CAST-256 is an encryption algorithm designed using the CAST design method, which was invented by Carlisle Adams and Simon Tavares. CAST-256 is quite similiar to CAST-128, but has a 128-bit block and up to a 256-bit key, both of which are twice what CAST-128 supports. CAST-256 uses the same tables and round functions as it's predecessor, but instead of being a pure Feistel cipher like DES or Blowfish, it is what is termed a Generalized Feistel Network, a term invented by Matt Blaze of AT&T and Bruce Schneier in the early 90s (for illustration purposes, they invented a new cipher MacGuffin, which was designed in this manner, but it was quickly broken).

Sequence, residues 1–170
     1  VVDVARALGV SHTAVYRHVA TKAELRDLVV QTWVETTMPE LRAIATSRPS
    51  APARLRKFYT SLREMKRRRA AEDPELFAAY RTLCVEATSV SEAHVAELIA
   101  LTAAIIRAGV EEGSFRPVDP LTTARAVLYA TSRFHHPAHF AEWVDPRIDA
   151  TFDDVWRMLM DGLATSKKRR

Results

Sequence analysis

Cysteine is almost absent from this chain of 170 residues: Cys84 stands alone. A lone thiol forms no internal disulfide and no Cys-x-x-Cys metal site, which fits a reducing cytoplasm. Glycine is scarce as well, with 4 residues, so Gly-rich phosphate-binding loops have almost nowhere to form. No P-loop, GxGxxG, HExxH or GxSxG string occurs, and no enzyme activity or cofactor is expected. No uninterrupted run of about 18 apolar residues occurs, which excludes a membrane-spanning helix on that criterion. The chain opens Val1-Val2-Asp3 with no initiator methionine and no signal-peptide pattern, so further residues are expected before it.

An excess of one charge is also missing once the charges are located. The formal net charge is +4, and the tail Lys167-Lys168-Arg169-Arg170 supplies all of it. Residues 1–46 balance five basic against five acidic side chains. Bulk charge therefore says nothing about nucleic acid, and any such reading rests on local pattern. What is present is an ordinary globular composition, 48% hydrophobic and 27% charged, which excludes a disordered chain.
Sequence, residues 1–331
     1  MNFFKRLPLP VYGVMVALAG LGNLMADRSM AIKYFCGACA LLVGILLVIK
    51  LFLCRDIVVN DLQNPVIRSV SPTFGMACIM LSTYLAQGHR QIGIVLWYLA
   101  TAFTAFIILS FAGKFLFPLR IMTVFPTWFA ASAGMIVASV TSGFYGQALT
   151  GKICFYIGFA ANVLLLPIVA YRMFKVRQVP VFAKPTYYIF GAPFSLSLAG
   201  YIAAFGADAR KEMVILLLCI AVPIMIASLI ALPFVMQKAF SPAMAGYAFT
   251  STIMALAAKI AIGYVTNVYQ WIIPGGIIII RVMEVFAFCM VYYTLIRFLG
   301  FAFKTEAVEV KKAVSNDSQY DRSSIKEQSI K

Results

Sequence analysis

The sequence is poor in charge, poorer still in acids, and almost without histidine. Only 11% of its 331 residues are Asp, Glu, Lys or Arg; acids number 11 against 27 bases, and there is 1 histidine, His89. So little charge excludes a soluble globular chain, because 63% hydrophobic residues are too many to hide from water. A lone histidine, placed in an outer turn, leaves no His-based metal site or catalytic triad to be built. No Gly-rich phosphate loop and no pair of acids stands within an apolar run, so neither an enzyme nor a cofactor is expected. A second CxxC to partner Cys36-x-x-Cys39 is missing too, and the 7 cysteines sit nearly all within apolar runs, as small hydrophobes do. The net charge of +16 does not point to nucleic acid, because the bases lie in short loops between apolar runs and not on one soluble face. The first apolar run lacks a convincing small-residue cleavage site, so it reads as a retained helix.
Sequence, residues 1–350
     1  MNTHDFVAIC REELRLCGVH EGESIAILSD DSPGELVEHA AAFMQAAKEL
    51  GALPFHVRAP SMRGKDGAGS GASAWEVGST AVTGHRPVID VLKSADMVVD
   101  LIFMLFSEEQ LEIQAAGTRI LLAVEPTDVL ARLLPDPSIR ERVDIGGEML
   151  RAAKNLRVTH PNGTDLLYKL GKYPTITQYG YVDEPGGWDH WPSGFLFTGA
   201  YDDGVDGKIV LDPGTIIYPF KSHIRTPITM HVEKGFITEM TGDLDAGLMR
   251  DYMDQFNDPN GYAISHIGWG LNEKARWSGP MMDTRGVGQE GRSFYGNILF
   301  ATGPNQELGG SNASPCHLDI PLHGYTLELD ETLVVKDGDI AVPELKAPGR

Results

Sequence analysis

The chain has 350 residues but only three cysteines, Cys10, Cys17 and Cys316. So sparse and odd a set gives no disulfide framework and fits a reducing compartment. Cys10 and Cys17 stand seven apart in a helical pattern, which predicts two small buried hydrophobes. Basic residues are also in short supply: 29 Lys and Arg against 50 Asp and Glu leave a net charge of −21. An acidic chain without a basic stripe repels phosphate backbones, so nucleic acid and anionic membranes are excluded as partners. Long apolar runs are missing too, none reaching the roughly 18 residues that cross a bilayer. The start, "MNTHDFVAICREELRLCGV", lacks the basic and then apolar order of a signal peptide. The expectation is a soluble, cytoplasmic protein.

CAST-256 was one of the candidates for NIST's AES competition, but was not selected as one of the five final candidates because it was considerd too similiar (in terms of security properties) to the cipher Serpent. Both are quite conservative, using a very large number of rounds, and it was felt that if two ciphers were to be chosen as co-AES winners (which was thought a possiblity during much of the competition), it was highly unlikely that Serpent and CAST-256 would both win.

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